Tribute to Ellis Rowan kicks off Art Chatter Gallery series in Mt Barker

Stuart McGuckinAlbany Advertiser
Vicki Brown shows off her works paying tribute to Ellis Rowan which are now hanging in Mt Barker's Art Chatter Gallery.
Camera IconVicki Brown shows off her works paying tribute to Ellis Rowan which are now hanging in Mt Barker's Art Chatter Gallery. Credit: Supplied

A tribute to a trailblazing Australian artist has kicked off a series of exhibitions at Mt Barker’s Art Chatter Gallery.

The series will give gallery regulars the chance to exhibit their works for at least six weeks each.

The first exhibition, which is already installed, is a tribute by Vicki Brown to renowned watercolour artist Ellis Rowan.

Rowan was born in Victoria in 1848 and went on to paint fauna and flora throughout Australia, New Zealand, New Guinea and the UK.

More than 900 of her works are the property of the Commonwealth of Australia, with a vast majority of those held in the National Gallery of Australia.

Mrs Brown said she came across Rowan’s work while preparing for a past project.

“We were doing a fabulous fakes exhibition and the usual masters suspects were just not inspiring me,” she said.

“Then I can across Ellis Rowan’s bird collection in the National Library and got my brushes out right away.

“I loved the fact that she travelled the world in a time when few women did and she talked even her way into New Guinea.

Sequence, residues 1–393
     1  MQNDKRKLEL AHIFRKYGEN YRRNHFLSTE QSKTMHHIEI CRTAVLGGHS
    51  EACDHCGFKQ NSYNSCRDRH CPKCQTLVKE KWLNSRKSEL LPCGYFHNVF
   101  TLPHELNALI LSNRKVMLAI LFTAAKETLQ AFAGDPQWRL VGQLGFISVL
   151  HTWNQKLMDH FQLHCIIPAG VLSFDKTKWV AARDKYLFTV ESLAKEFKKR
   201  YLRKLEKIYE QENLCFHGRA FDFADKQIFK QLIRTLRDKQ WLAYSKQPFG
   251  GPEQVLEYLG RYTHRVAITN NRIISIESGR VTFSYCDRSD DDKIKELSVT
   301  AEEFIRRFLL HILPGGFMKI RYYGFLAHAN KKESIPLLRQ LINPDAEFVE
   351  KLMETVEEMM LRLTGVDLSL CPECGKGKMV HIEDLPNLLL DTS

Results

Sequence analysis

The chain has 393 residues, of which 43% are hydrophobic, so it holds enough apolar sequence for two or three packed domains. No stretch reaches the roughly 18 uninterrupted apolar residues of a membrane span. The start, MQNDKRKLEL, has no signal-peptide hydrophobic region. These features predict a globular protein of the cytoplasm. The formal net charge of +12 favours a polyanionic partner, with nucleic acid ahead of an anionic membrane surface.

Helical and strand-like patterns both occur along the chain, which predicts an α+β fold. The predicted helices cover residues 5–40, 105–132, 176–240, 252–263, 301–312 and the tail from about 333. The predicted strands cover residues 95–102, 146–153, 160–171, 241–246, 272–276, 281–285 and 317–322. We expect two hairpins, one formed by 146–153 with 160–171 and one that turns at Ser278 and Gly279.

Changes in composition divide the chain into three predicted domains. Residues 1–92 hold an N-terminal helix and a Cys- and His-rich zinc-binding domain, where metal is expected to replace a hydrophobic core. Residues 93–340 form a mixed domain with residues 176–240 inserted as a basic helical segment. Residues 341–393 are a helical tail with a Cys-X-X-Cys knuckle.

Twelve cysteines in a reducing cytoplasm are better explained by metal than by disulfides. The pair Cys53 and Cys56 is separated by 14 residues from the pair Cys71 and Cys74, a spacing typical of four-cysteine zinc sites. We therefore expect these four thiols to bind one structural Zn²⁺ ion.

“In 1879 Ellis spent time in Albany, then she and Margaret Forrest put together the first ever art exhibition in Perth.”

Tribute to Ellis Rowan features reproductions of the artist’s bird and wildflower paintings produced from 1887 to 1911.

While the originals were done using watercolour and gouache, Ms Brown opted to use oil paints on canvas boards for her tribute.

She said she learned a lot while trying to emulate Rowan’s works.

“Rowan was a watercolourist so trying to emulate that in my tribute paintings I’ve had to really work on muting backgrounds,” she said.

“When copying you can relax and let the paint flow, concentrating on getting the colours and scale right — I think that helped me become less uptight and I have relaxed the grip on my brushes..”

Mrs Brown jumped at the opportunity to highlight Rowan’s connection to the Great Southern by being the first artist to exhibit as part of the series.

Gallery curator Barry Mackie supported Mrs Brown’s choice to examine the works of an artist she was passionate about.

“Students throughout history have honed their skills by painting the masters and artists that resonate with them,” he said.

Mrs Brown will be painting at the gallery from 10.30am-2.30pm on Friday and Sunday where she will be happy to talk about Ellis Rowan and the exhibition.

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